Ex Lehman Employees Find Blame, but Little Closure

On the day Lehman Brothers filed for bankruptcy, Lynn Gray got into the office before 6 a.m., earlier than her usual 7:30 a.m. arrival.

Lynn Gray
Lynn Gray

It was still dark outside when she bought a coffee from the man with the cart.

"How you doing?" he asked.

That's when tears rolled down her cheeks. She handed him a $20 bill.

"Don't give me any change," she said.

As she walked inside the building, people were already leaving. Others wandered the halls, not knowing what to do.

"Why us and not AIG ? Why us and not Merrill?" she remembers saying and continues to ask herself. Gray, then chief administrative officer of Lehman’s global real estate group, had worked at the company for 11 years.

Gray, along with some 10,000 colleagues in the New York metropolitan area transitioned into jobs at Barclays Capital, after the firm acquired Lehman's US investment banking and capital markets businesses last year.

While some ex-Lehmanites started independent firms, others turned to academia, the arts and philanthropy. Still, Lehman's fall continues to haunt former employees one year after the largest corporate bankruptcy in American history. Many are still confounded about how this could have happened to their company, once the fourth-largest investment bank in the United States.

The Crisis: 1 Year Later - A CNBC Special Report - See Complete Coverage
The Crisis: 1 Year Later - A CNBC Special Report - See Complete Coverage

"I couldn't believe that people could be that irrational," said one former senior executive about the government's decision to let the firm fail. "It was an ad hoc decision to make a point, which in a sense boomeranged."

Lehman had asked for bank-holding status, a move that would have helped prop up the firm with additional capital, but the request was denied, said this former senior executive who was in the emergency boardroom meeting the day prior to bankruptcy.

"They [the government] miscalculated the impact of Lehman," he said. "I expected to be woken up for months after and someone telling me it was just a bad dream."

While some fault the Feds, others point to Lehman's leadership.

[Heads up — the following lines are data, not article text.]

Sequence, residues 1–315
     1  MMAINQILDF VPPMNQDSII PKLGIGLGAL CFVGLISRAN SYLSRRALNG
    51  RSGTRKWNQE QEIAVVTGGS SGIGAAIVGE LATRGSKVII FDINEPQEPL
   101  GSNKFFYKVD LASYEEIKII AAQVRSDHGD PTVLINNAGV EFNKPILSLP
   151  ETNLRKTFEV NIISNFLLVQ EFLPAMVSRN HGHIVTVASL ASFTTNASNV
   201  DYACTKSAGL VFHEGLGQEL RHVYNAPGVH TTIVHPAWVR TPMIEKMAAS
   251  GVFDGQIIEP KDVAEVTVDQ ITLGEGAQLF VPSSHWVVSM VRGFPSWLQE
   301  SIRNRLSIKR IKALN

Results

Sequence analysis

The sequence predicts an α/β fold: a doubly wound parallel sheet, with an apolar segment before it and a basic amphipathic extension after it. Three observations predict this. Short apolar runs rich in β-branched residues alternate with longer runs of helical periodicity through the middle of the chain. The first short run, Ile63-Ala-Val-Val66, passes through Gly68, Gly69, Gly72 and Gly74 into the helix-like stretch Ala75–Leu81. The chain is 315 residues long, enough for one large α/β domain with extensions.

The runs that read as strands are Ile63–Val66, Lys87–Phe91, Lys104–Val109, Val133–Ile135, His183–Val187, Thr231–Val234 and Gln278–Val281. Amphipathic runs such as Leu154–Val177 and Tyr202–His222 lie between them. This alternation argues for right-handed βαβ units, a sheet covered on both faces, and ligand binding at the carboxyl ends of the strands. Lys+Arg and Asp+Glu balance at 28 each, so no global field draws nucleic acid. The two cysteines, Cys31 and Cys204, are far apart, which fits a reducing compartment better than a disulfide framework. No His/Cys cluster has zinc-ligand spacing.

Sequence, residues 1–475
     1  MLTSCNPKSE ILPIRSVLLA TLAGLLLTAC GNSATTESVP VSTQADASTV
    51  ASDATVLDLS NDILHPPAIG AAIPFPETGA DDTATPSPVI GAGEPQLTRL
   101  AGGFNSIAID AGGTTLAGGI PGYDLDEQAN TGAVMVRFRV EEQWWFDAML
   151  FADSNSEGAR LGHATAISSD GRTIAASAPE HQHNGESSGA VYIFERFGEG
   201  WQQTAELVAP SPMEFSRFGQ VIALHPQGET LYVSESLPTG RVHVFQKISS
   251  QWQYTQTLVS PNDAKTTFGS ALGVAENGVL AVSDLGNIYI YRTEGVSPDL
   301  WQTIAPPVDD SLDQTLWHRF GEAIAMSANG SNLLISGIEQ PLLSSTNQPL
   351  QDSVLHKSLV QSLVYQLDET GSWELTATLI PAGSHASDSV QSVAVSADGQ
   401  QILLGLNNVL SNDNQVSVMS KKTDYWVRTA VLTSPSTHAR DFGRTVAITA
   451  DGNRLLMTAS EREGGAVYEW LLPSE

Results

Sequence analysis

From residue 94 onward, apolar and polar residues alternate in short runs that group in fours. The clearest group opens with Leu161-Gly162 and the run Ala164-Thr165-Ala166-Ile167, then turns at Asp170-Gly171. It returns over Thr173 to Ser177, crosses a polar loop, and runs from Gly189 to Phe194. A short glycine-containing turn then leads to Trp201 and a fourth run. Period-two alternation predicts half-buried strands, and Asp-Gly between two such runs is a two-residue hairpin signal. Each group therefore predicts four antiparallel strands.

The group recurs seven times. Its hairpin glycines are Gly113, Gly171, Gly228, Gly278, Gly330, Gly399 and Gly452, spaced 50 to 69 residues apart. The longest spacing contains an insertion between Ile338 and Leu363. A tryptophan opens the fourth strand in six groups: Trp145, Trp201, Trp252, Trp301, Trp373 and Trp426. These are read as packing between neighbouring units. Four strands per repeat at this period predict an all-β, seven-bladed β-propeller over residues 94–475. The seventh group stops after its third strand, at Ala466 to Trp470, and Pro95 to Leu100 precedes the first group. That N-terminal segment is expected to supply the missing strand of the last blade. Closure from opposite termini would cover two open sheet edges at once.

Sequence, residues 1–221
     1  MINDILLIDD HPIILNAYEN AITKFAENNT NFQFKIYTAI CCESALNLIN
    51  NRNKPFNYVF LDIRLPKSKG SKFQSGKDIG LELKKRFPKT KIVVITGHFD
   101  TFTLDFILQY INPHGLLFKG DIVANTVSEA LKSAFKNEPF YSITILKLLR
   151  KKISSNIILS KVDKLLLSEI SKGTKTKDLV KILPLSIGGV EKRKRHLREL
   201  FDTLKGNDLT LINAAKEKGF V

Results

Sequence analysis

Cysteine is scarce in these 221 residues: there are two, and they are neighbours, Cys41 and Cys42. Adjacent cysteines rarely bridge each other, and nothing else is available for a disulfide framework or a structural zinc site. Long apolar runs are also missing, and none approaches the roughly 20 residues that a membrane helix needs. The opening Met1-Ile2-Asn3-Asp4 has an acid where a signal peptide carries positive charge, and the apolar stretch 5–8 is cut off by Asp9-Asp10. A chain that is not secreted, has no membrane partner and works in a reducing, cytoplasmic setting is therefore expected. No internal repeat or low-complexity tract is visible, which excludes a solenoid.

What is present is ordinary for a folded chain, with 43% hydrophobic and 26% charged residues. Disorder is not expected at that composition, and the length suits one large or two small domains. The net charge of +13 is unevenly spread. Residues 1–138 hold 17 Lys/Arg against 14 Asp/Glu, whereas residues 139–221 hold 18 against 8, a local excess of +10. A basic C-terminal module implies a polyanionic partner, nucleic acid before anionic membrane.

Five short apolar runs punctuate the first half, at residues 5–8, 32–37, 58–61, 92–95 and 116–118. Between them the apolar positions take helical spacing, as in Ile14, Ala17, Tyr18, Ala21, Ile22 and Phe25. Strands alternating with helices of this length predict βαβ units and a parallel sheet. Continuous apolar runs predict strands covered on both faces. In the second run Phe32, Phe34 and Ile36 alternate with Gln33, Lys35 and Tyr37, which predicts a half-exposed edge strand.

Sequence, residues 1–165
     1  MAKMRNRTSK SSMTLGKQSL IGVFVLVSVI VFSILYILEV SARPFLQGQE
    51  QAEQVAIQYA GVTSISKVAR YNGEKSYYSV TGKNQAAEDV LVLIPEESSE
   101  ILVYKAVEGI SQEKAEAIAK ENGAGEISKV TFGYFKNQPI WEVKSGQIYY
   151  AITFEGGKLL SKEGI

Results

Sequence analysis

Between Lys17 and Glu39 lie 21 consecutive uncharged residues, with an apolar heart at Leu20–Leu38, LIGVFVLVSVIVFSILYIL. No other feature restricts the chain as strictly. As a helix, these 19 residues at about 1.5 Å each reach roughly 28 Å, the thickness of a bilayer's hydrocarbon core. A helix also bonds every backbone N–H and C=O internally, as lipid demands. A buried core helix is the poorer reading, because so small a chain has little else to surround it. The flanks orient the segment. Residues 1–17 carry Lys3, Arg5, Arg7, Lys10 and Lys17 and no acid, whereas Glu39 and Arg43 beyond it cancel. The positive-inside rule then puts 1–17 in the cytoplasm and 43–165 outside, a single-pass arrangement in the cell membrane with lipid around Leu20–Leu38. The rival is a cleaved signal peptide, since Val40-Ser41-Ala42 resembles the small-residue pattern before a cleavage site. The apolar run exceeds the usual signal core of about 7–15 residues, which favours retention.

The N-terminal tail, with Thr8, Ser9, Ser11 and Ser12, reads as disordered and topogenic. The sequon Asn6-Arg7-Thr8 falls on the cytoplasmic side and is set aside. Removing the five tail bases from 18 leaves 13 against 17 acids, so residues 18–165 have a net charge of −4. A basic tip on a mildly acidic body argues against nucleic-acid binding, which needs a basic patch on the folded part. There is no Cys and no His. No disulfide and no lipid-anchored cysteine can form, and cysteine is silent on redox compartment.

Lehman had hired Lawrence Lindsey, a former Fed governor and CEA chairman, and his economic consulting firm to supply macroeconomic advice. Lehman paid Lindsey six-figures a year for two years, yet CEO Dick Fuld and Joe Gregory, then president, never attended meetings, said Larry McCarthy, former managing director and head of distressed trading. If they had, they would have heard Lindsey's opinion that the housing market was a bubble.

"These guys didn't listen and not only they didn't listen, they double downed and triple downed," said McCarthy. "If your best people tell you to do X and you do Y, you've got some problems."

Fuld reiterated in a recent interview with Reuters that circumstances involving abusive short selling, false rumors, credit agency downgrades and loss of confidence by clients and counterparties, not his leadership, were to blame for Lehman's fall.

The former Lehman CEO originally made these points last year, when he told the Congressional panel that he would wonder "until they put me in the ground" why the U.S. government did not rescue his firm, as it helped others.

This Day 1 Year Ago - A CNBC Special Report - See Complete Coverage
This Day 1 Year Ago - A CNBC Special Report - See Complete Coverage

Nevertheless, Fuld has detractors.

"It was like working for two different companies," said McCarthy. "We knew what we were doing. But we didn't know what they were doing."

As early as 2007, Larry McDonald, a former vice president of distressed debt and convertible securities trading and author of "A Colossal Failure of Common Sense," an account of Lehman's fall, started to see warning signs.

Larry McDonald
Larry McDonald
Larry McDonald

"At the top of the market we had $770 billion in stocks, bonds, commercial real estate and residential real estate, oil, gold, treasuries, but we only had net tangible equity of $20 billion," he said. "Nobody knows exactly, because Lehman's a black box."

But employees who spoke out were pushed out or silenced, he said.

"The place went from being Camelot and every day it became more poisonous," he said. "Lehman didn't have any real bread. They had to borrow to keep playing this game. In some ways, it was like a Ponzi scheme."

Since Lehman's collapse last year, Gray, 60, lost her job and hundreds of thousands of dollars in deferred compensation. But she has taken it as an opportunity and launched her own business, Campus Scout, a firm that provides on-campus recruiting services.

"I'm very proud that I worked at Lehman," she said. "That's part of my history and not a part of my future."